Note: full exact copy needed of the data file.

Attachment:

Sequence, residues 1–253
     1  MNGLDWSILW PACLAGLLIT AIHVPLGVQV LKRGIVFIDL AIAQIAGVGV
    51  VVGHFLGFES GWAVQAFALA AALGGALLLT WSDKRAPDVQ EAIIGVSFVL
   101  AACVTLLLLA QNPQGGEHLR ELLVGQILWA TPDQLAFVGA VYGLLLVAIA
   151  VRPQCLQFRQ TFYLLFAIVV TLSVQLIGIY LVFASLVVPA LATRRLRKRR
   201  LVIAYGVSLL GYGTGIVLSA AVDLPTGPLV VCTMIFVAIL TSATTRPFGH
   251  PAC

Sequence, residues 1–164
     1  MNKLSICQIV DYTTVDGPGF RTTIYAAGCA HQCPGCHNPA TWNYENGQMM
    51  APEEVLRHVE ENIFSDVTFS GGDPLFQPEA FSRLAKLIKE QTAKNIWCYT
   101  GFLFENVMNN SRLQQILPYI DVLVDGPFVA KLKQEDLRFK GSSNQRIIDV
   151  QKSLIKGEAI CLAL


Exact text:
Sequence, residues 1–253
     1  MNGLDWSILW PACLAGLLIT AIHVPLGVQV LKRGIVFIDL AIAQIAGVGV
    51  VVGHFLGFES GWAVQAFALA AALGGALLLT WSDKRAPDVQ EAIIGVSFVL
   101  AACVTLLLLA QNPQGGEHLR ELLVGQILWA TPDQLAFVGA VYGLLLVAIA
   151  VRPQCLQFRQ TFYLLFAIVV TLSVQLIGIY LVFASLVVPA LATRRLRKRR
   201  LVIAYGVSLL GYGTGIVLSA AVDLPTGPLV VCTMIFVAIL TSATTRPFGH
   251  PAC

Sequence, residues 1–164
     1  MNKLSICQIV DYTTVDGPGF RTTIYAAGCA HQCPGCHNPA TWNYENGQMM
    51  APEEVLRHVE ENIFSDVTFS GGDPLFQPEA FSRLAKLIKE QTAKNIWCYT
   101  GFLFENVMNN SRLQQILPYI DVLVDGPFVA KLKQEDLRFK GSSNQRIIDV
   151  QKSLIKGEAI CLAL